Matt “The Plumber” Trivisonno

Look at this doofus trying to spin me into a typical paranoid psychotic Zero Edge conspiracy theory. Ridiculous! I am, literally, just a guy running some numbers through a spreadsheet. Sure, various things exploded in my vicinity during my recent trip to Iran, but I swear it was all coincidence!

I could have published my critique on my own blog, but it makes a bigger splash on Barry’s blog. The bigger the splash, the more people that come to my site. It’s just good business. I will also have you know that I was short the market this morning, and have recently been talking constantly about the resistance that the market would find at SPY’s TARP Gap. So, I wrote something bullish while I was short. I’m sure that the idiot commenter linked-to above can’t comprehend why anybody would do that. But I happen to be more motivated by integrity and making the best analysis over making money. That’s just the kind of guy I am, and it also happens to be one of the reasons why I am able to attract and hold a decent-sized audience of very intelligent people.

On May 4, 2009, I wrote a post titled “Super Fly” where I stated that I would no longer be reading Zero Edge. At the time, most of my readers were bearish, so I was trying to lead by example. I hope you people got the message. Did Zero Edge steer you wrong over the past year? Ha! Not only did they steer you wrong, but they steered you right over the lip of an active volcano and down into the lava! You’re just a skeleton now!

Note: “Plumber” is the traditional cover-profession of CIA agents.

Note: I did not go to Iran, and have never detonated anything larger than an M-80. That was a joke. Did you hear that Zero Edgers? A joke, damn you! I had nothing to do with this attack. Even you Zero Edgers can see that I have not blown myself up.

Note: I am not terribly eager to take on Zero Edge and its band of crazy people, because they are, like, way crazy. But as the Sheriff of Withholding Town, I have sworn duties to perform. Note to Zero Edgers: go back to doing whatever crazy BS it is that you do. But don’t let me see you ’round Withholding Town no mo’.

20 thoughts on “Matt “The Plumber” Trivisonno

  1. Matt

    You got the firestorm going now dude. I know you know sic’em from come here, so sic’em. Ya Da Man Sheriff Matt! Have a good weekend!


  2. String,

    Thanks, but I can edit what I write here so I can fix the mistakes, which you can’t do when you write comments.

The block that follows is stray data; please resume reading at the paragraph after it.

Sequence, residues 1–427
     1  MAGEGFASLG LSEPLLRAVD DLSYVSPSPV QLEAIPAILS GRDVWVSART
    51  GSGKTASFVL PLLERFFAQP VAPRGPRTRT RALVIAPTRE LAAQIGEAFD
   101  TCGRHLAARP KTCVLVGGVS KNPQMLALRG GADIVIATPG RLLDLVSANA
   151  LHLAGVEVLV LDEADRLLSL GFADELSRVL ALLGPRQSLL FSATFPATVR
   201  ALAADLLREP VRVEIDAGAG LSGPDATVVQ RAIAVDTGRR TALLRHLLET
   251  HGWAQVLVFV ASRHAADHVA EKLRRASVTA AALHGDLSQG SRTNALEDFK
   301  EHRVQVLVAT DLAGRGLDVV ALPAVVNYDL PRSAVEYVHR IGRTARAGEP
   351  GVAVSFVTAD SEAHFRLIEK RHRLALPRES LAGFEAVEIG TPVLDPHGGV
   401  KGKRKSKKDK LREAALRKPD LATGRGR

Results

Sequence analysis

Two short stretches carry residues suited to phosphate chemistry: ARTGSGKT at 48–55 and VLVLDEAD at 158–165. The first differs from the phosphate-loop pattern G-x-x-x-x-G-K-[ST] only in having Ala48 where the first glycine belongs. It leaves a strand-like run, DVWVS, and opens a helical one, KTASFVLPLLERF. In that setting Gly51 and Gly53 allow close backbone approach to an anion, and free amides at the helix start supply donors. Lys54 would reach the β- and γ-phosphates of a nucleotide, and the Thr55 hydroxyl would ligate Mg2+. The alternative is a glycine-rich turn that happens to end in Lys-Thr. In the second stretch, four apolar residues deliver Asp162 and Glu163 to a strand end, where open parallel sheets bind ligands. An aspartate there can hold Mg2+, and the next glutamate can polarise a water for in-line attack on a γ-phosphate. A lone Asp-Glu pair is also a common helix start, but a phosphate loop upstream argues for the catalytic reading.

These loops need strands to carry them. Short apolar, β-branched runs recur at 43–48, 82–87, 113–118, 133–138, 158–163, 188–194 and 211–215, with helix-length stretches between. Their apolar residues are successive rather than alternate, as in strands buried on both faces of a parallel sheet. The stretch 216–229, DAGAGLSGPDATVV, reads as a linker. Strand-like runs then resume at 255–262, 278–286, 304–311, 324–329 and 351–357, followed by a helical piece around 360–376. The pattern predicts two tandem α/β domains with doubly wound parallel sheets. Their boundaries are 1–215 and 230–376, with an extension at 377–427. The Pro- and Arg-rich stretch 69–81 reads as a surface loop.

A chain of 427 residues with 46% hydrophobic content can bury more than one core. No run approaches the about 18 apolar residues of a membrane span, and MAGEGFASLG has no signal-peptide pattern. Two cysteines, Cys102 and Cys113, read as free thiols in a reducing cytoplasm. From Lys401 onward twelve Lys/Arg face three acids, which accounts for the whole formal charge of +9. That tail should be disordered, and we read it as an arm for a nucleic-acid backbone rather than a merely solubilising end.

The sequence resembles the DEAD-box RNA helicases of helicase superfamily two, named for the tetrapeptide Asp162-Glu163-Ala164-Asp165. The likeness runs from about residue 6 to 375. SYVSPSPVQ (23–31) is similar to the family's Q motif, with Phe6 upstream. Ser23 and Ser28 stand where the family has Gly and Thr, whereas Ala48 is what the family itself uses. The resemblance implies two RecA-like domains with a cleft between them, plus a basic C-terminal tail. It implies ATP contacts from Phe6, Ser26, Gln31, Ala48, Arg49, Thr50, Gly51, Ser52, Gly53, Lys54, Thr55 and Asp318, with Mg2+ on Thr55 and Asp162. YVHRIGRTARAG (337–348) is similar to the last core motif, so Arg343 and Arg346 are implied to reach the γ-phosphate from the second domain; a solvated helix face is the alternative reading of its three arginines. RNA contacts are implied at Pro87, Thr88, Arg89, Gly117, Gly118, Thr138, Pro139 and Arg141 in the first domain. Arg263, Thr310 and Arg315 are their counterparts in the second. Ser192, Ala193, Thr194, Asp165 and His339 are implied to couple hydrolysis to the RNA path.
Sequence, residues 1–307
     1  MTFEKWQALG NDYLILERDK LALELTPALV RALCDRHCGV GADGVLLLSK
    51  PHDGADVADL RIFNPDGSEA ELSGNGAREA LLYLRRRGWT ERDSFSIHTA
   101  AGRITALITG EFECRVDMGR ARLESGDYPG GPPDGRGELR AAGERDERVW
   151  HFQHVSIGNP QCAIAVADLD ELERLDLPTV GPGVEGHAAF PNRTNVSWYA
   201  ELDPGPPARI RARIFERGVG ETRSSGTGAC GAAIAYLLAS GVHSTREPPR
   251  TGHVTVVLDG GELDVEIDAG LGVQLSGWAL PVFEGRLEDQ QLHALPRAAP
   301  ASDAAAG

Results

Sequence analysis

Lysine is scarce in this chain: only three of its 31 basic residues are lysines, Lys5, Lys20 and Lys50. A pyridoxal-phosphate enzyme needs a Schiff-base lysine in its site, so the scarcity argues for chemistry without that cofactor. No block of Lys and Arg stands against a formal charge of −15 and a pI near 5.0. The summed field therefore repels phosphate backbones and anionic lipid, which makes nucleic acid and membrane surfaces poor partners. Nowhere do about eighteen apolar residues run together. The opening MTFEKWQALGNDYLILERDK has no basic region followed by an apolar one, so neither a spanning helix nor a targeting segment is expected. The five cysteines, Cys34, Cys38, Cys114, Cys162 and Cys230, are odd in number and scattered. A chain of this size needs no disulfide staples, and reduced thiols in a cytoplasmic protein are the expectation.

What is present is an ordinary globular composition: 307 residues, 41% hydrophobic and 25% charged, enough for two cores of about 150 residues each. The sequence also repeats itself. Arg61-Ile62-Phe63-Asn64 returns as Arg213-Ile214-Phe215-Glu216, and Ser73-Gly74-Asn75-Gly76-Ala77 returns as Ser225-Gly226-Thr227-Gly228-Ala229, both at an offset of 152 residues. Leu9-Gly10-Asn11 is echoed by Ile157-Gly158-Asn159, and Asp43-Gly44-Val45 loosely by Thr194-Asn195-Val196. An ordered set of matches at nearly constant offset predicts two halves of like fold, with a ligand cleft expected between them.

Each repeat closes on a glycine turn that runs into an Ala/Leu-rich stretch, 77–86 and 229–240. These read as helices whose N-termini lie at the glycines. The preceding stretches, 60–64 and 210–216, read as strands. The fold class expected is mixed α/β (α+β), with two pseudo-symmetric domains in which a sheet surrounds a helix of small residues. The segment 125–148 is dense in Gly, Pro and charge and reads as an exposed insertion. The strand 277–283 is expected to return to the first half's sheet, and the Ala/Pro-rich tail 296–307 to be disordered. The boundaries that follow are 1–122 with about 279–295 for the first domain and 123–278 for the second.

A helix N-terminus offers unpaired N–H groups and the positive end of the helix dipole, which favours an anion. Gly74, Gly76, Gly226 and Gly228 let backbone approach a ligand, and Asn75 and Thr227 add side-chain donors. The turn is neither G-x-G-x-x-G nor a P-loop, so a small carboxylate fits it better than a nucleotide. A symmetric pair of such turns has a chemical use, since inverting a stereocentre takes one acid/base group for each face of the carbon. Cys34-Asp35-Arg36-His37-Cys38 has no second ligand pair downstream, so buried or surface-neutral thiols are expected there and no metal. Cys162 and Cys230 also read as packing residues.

3. Matt

    You can’t edit those on Barry’s blog, and you pretty much nailed every one of those! I look like Ned and the first reader typing here most of the time. I have an excuse, I am an old fart!!!

    I also had this idea today for us OF’s, and any one that would like to make a statement. I am earning like .000001 on money I have in banks and MM. What if like in the old days, the DJ on radio had everyone flush at the same time. Town ran out of water. What if we ALL took our money out on the same day. I am old but I think I could take care of it for a few weeks. With no money for the banks to use for free what would the outcome be? Who will suffer the most. I have ten acres here, and know how to grow food. I say we should see what the flush would do.

    I am happy for you, and I know I am just a rambling old fart. I do wish the Coor’s Lite twins would come back.


  4. Good stuff Matt. Re: “I am just a guy…” … most of us “just regular folk” know that the government and the people who run it and the people who built and traded CDO’s and their contemporaries are completely out of control. Great site. Stand tall.

  5. Matt,

    Robespierre on BR blog said “Since most of the taxes are paid by the top %1 in absolute terms why can the increase not be the result of these people making even more money?” — Because the top 1% do NOT earn wages! They make moeny the old fasion way via Cap gains & dividends.

  6. Matt,

    If I recall the Cramer story correctly the Oil merger was public knowledge. It was in doubt because the government was likely to block it on monopoly grounds. The law professor knew the govt. folks and assured Cramer that the merger would go through. Cramer then bet the farm.

  7. Note to Zero Edgers: This is a place for intelligent discussion of the market, economy, politics, and the capture and cooking of skunks. Don’t bother posting any comments here, I will not approve them. And yes, I can tell who you are. Your comments have a tinge of, what is the proper word? Oh, yes! CRAZY! You can’t fool me! Seriously, you have free reign at Zero Edge, there’s plenty of room to vent your spleens over there. There is nothing of interest for you here.

  8. George,

    Hopefully K did a good job of explaining the option play. It seemed like it to me, but then my post made sense to me as well 😉

    Actually the Nostradamus bet was the $175 strike at $0.01 going to $16.9!